16 Jun ASHA WORKERS
ASHA WORKERS – Today Current Affairs
The WHO has recognised India’s 10.4 lakh Accredited Social Health Activists (ASHAs) as ‘Global Health Leaders’.
Today Current Affairs
Who are ASHA workers?
The ASHA programme was based on Chhattisgarh’s successful Mitanin programme, in which a Community Worker looks after 50 households.
- ASHA workers are volunteers from within the community who are trained to provide information and aid people in accessing benefits of various healthcare schemes of the government.
- They act as a bridge connecting marginalised communities with facilities such as primary health centres, sub-centres and district hospitals.
- Role – The role of these community health volunteers under the National Rural Health Mission (NRHM) was first established in 2005.
- Eligibility– ASHAs are
- primarily married, widowed, or divorced women between the ages of 25 and 45 years from within the community
- must have good communication and leadership skills
- should be literate with formal education up to Class 8, as per the programme guidelines
- Aim– The aim is to have one ASHA for every 1,000 persons or per habitation in hilly, tribal or other sparsely populated areas.
- Presence– There are around 10.4 lakh ASHA workers across the country, with the largest workforces in Uttar Pradesh, Bihar and Madhya Pradesh.
- Goa is the only state with no such workers, as per the latest National Health Mission data available from September 2019.
- Salary– Since ASHA workers are considered volunteers, governments are not obligated to pay them a salary and most states don’t.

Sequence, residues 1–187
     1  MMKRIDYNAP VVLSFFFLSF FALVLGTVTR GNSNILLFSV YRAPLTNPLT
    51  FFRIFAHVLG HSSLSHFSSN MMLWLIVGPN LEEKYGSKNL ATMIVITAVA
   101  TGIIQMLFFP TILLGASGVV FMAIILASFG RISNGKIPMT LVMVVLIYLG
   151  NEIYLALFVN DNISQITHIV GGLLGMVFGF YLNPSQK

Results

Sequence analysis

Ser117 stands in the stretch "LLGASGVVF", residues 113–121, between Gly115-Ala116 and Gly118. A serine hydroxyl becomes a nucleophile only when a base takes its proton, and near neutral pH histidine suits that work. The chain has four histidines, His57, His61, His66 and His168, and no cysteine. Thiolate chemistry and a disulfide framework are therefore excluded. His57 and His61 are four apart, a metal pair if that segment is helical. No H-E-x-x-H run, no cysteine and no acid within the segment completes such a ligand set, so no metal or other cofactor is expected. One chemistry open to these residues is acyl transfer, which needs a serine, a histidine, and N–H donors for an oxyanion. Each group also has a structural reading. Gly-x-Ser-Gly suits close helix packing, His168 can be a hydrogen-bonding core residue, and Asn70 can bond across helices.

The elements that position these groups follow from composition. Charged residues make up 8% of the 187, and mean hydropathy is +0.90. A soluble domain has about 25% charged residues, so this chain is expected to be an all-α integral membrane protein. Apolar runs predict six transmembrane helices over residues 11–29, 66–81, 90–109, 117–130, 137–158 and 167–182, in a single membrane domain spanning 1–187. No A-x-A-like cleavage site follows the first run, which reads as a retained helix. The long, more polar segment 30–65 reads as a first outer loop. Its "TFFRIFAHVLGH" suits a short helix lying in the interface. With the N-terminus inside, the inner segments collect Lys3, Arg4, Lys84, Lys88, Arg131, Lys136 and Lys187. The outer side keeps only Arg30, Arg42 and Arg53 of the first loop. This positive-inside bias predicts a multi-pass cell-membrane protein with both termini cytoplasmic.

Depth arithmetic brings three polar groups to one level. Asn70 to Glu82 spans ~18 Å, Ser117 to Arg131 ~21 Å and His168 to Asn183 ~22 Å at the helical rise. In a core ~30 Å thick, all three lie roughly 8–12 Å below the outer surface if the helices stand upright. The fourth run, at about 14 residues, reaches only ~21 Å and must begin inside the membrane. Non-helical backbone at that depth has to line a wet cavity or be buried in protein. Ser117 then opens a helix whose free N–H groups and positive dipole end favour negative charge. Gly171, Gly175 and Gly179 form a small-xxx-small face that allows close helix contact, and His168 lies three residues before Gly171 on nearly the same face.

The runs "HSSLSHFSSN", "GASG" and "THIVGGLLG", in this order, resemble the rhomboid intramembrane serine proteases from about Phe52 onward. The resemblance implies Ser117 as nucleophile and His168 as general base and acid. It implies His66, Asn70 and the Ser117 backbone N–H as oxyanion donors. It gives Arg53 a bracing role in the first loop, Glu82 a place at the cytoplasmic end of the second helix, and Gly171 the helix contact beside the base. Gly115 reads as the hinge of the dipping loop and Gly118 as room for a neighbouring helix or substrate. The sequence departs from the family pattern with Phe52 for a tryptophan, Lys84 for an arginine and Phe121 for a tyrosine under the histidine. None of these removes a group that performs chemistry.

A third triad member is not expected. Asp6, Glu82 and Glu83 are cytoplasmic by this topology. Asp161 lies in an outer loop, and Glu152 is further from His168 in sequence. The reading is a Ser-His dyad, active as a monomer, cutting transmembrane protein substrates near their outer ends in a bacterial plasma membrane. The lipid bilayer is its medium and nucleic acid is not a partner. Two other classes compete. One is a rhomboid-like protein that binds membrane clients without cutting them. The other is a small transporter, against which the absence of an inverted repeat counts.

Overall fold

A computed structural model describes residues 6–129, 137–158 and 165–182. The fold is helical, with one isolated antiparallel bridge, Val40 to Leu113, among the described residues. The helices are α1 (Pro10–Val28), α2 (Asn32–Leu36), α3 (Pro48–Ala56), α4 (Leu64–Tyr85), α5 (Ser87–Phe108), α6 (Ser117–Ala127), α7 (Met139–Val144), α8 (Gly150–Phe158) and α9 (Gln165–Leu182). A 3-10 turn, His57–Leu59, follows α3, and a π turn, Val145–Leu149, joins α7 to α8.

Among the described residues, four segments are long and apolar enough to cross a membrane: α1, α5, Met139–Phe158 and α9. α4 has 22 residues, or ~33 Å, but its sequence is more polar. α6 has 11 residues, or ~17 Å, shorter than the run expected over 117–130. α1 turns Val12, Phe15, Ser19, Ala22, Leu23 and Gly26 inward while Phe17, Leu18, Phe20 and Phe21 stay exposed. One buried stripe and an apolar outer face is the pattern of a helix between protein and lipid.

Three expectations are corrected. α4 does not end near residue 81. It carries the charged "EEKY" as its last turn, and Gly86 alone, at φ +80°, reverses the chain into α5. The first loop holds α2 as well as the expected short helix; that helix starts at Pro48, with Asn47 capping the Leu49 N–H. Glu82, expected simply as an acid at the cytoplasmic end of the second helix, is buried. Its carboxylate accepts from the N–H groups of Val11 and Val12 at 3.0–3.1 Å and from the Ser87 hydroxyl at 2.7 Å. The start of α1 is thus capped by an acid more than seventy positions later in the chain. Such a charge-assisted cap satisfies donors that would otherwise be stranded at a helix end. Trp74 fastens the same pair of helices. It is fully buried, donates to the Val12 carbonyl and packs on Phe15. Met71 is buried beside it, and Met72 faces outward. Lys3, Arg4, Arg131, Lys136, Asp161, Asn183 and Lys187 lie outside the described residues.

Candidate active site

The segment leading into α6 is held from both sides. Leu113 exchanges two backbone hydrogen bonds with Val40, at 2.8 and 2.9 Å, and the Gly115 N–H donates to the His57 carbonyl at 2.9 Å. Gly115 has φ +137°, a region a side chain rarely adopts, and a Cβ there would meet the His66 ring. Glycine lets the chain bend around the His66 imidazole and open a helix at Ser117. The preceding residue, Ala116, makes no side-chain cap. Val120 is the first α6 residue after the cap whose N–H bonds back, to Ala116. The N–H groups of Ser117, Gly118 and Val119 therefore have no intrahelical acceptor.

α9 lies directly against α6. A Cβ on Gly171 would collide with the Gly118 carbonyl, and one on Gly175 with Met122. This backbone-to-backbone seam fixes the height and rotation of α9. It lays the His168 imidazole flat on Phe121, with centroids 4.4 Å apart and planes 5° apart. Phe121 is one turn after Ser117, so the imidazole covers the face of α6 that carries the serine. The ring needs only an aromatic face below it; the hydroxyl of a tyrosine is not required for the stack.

- Their income depends on incentives under various schemes and all this adds up between Rs 6,000 to Rs 8,000 a month.
What is the role of ASHA workers? The Hindu Analysis
- Go door-to-door in their designated areas creating awareness about basic nutrition, hygiene practices, and the health services available
- Focus primarily on ensuring that women undergo ante-natal check-up, maintain nutrition during pregnancy, deliver at a healthcare facility, and provide post-birth training on breast-feeding and complementary nutrition of children
- Counsel women about contraceptives and sexually transmitted infections
- Motivate children to get immunised
- Provide medicines daily to TB patients under directly observed treatment of the national programme. The Hindu Analysis
- Screen for infections like malaria during the season
- Provide basic medicines and therapies to people under their jurisdiction such as oral rehydration solution, chloroquine for malaria, iron folic acid tablets to prevent anaemia, and contraceptive pills
- Get people tested and get their reports for non-communicable diseases
- Tasked with informing their respective primary health centre about any births or deaths in their designated areas
How did the ASHA network help in pandemic response? The Hindu Analysis
- During the pandemic, when everyone was scared of the infection, ASHA workers had to perform a myriad of functions.
- Check people for Covid-19 symptoms
- Inform the authorities and help the people reach the quarantine centres
- Explain the quarantine procedure to the people
- Provide the patients with medicines and pulse-oximeters
- Motivate people to get their vaccination shots
- Collect data on how many people are yet to get vaccinated
What are the issues of concern? The Hindu Analysis
- They get performance-based payments, not a fixed salary like government servants.
- In many states, the payout is low, and often delayed.
- They do not get any benefits like pension or health insurance.
- There have been agitations demanding employee status for ASHA workers.
- There is a strong argument to grant permanence to some of these positions with reasonable compensation as sustaining motivation.
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Plutus IAS Current Affairs Team Member